It's strange, XP was the bane of MS, and going to kill the company, never gonna use it, what a waste
Now, OMG, I have to leave XP? What, I Love XP, it's the best, Vista blows, 7 isn't worth upgrading to, Windows 8 is a joke.......
ptttthhhhtttt, the naysayers can keep flappin their chops, as they are not saying anything new....
Win9 will get the same treatment.....as will 10 and 11 and 12......
You know what would be awesome,, is to have Windows 8 be around for 10 years like XP has been,,,, then drop Win9 with a Win95 GUI
Let's see how much complaining there would most definitely be after that. That I would love to see.
On a side note: the articles posted are pure speculation, is there anything official, or more official than this?
Also seeing rumors of App Store unification between Phone, Surface, PC and possibly XboxOne? the way it should be. This would be good.
I hate Windows 8.1, Imagine MS pushed out XP and now Win 7 will be going out, to be replaced by this Win 8.1 of the future, causing us loads of problems. MS is lost somehow. I wonder how to fix my problems with wireless adapters.
this might be good news for consumers / home users but obviously it's NOT a good idea for people who have to maintain corporate networks / applications.
Ms is trying to get the last vestigial corporate giants to switch from XP -- so far only Windows 7 fits the bill -- it's stable, predictable and doesn't have changes either real or "rumoured" every two or three months -- I can't imagine what's happened to anybody in the I.T dept who recommended upgrading to Windows 8 -- then Windows 8.1 appeared and now possibly windows 8.2.
Of course Ms doesn't want Windows 7 to become "the new XP" (as a thread on the forums recently called it) - but unless you are in a place which advocates the use of BYOD's would you upgrade to a "permanently changing (surely a contradiction In terms ???) environment" . Businesses can't just put in an OS on a Monday morning and change it two hours later -- all sorts of corporate software and large DB applications have to be properly tested - this can take A LOT of time.
Too many people forget the business environment - home users can chop and change OS'es at will - businesses can't.
Maybe Ms should re-brand Windows into 3 distinct flavours -- MOBILE (tablets, phones etc), HOME (or consumer) and BUSINESS.
Releases could then be different and each specifically tailored for the desired environment.
Jimbo, you are on the money. I work for global corporation, over 200K employees. Our IT department is around 95K. We are just now going to Windows 7. I imagine we'll be on it for at least the next 3-5 years. Like most corporations, we have a lot of vertical applications, including hundreds, if not thousands, of homegrown applications. It literally costs millions of dollars to do all the testing, re-coding, and upgrading of all the software. This is not something companies just do. It's only done when they have to. Heck, our Windows 7 systems are still on IE9 because of homespun web apps and built in security interfaces into the browser. (We're a financial company.)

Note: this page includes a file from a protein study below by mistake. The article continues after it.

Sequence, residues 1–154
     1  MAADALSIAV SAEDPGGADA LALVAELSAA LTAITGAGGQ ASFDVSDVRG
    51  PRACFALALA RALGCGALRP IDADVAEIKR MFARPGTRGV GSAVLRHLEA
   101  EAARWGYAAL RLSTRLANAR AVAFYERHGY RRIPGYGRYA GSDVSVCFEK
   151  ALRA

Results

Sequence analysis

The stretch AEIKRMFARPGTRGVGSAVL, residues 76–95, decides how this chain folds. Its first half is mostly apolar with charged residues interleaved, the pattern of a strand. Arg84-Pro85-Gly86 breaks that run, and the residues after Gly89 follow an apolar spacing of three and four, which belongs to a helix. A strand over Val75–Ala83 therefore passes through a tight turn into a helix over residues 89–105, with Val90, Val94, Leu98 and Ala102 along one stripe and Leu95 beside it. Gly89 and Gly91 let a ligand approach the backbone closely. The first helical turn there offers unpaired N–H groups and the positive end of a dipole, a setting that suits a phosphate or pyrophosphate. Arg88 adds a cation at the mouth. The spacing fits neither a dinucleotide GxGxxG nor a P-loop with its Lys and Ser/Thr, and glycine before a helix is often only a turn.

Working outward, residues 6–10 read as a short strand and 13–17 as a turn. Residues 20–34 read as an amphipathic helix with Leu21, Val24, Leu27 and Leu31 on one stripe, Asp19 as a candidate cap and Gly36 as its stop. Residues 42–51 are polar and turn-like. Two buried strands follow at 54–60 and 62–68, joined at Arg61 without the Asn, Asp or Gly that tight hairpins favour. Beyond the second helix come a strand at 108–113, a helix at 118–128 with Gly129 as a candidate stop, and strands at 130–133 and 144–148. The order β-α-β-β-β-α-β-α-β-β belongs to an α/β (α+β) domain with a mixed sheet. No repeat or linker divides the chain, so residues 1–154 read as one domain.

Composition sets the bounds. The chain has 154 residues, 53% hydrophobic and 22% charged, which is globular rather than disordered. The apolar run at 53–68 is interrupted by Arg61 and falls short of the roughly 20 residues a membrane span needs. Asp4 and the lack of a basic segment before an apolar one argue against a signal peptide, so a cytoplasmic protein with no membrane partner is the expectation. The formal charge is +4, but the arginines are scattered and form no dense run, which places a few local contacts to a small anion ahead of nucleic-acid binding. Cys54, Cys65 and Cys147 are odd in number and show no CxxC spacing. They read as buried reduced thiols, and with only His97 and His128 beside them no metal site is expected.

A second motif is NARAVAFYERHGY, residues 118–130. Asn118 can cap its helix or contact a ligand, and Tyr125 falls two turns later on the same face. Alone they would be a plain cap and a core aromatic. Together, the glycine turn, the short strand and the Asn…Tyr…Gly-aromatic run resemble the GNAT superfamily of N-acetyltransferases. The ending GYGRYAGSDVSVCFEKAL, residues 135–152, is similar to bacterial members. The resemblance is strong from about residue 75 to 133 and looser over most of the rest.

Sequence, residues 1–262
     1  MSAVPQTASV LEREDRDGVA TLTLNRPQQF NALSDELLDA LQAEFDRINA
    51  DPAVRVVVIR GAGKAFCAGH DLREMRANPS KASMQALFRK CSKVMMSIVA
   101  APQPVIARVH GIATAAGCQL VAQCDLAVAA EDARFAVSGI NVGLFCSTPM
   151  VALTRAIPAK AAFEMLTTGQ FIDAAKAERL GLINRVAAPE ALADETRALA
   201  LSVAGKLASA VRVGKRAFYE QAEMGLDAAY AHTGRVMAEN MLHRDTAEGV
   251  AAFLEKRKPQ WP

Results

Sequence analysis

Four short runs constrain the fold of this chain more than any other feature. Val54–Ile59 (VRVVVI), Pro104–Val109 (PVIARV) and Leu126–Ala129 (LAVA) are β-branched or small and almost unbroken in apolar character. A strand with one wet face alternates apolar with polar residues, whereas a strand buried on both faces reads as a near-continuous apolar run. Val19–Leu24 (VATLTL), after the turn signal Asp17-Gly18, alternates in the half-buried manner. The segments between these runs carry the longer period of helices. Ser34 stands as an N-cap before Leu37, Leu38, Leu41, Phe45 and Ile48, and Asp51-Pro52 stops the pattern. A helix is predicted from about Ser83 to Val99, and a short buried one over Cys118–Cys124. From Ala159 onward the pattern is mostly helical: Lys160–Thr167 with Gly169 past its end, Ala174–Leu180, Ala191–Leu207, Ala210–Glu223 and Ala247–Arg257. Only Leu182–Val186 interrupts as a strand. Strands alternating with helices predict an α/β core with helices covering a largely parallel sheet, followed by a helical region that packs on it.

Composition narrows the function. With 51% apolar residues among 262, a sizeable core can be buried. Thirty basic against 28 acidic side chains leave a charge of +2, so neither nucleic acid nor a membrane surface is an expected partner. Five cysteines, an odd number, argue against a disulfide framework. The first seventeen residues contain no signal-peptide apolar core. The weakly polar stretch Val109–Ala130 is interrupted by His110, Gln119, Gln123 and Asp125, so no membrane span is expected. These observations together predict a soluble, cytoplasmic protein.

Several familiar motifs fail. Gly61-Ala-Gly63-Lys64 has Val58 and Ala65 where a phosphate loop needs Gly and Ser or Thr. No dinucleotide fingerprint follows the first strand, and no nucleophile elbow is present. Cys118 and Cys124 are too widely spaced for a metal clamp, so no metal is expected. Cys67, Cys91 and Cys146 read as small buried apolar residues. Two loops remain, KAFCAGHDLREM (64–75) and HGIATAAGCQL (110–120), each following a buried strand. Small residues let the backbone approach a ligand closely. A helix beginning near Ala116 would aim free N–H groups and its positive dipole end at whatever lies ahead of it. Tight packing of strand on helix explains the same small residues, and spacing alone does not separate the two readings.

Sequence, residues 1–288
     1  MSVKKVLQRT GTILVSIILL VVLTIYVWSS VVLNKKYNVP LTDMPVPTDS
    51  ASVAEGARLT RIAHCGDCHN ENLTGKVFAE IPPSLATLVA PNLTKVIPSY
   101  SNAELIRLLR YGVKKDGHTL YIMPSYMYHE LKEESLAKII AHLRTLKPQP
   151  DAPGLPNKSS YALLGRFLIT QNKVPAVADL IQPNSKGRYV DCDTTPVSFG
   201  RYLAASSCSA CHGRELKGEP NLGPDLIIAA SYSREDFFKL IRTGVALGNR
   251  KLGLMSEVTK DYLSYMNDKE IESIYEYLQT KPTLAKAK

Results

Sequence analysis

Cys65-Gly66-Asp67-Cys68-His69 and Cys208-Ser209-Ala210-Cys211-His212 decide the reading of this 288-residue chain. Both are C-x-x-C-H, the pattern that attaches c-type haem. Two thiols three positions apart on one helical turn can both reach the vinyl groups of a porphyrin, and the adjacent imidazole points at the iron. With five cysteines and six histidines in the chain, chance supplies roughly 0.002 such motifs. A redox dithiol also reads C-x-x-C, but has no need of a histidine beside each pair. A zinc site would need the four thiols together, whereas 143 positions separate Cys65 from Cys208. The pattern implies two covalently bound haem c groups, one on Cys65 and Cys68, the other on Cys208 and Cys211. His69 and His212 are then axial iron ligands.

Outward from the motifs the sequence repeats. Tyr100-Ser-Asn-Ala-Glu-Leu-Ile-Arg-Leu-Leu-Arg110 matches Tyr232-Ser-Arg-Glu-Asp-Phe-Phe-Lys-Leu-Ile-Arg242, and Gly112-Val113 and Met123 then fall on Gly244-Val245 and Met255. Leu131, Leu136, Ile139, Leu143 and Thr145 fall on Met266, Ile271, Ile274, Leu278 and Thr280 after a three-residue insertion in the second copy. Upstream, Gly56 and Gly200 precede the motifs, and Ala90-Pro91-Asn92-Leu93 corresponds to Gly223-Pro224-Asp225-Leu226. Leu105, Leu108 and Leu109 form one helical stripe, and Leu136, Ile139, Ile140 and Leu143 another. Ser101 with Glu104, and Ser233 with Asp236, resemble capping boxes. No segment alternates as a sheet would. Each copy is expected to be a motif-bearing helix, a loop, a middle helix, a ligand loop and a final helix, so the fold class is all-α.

As you say, Microsoft's accelerated development cycle maybe great for consumers, but not so much corporate America.
I do quite a lot of "gigs" in different countries -- a lot allow you to BYOD. The solution that has worked unfailingly for me was to create a Windows to Go (formerly 8, now 8.1) on an external SSD device so response time is perfectly acceptable and then bring up a Windows 7 Virtual machine which runs nearly every piece of corporate software I've encountered -- on the rare occasions when something doesn't work then bringing up an XP VM or a different version of W7 with say IE9 installed rather than IE10 or IE11 usually does the trick -- although IE10 is actually good since you can by pressing F12 get it to run in any "back level" version of IE - even I think back as far as IE6 in compatibility mode.
Pity this feature was removed in IE11 -- it was quite good being able to specify WHICH version of IE compatibility mode you wanted your application to run in.
IMHO the idea of using VM's especially with BYOD devices could be a neat way over a giant corporate headache with all these different flavours of Windows.
Actually, I agree. Outside of BYOD, Win7 is the new XP. I don't foresee Windows 8 or Win9 heavily in the corporate world anytime soon, unless there are some major changes.
but, I also don't think MS ever planned for Windows 8 in the corporate place right away.
It's a new direction for computing, this will be played out more on the consumer side.
As for BYOD, it's more about Remote virtualization (VDI) on a corporate server with less hardware support overhead
here are requirements, if you don't meet them, your on your own. Actually more, it's your hardware, we support trying to get you connect but that's it
For us VM's are being tested as is BYOD. In our little financial niche of the world though, security is everything. So these changes are happening very slowly. Obviously BYOD can introduce a lot of risk. Offshore and near shore our offices have high security protocols, not to mention the infrastructure issues with those countries once you get outside the compounds, so BYOD is unlikely to occur there anytime soon. That said, as you note, they could still have a terminal station boot up to the VM. It could be running anything from Linux to Windows and do a straight boot to the VM. I'm sure as time goes on we'll see more of this as it is a much more cost effective solution, assuming you pony up the money for hot swap overs should your VM server fail.